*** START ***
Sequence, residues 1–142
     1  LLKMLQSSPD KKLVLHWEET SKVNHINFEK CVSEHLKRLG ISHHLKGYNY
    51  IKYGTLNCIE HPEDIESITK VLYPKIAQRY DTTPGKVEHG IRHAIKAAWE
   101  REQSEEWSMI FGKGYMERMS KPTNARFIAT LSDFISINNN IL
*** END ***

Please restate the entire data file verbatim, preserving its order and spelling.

Sequence, residues 1–142
     1  LLKMLQSSPD KKLVLHWEET SKVNHINFEK CVSEHLKRLG ISHHLKGYNY
    51  IKYGTLNCIE HPEDIESITK VLYPKIAQRY DTTPGKVEHG IRHAIKAAWE
   101  REQSEEWSMI FGKGYMERMS KPTNARFIAT LSDFISINNN IL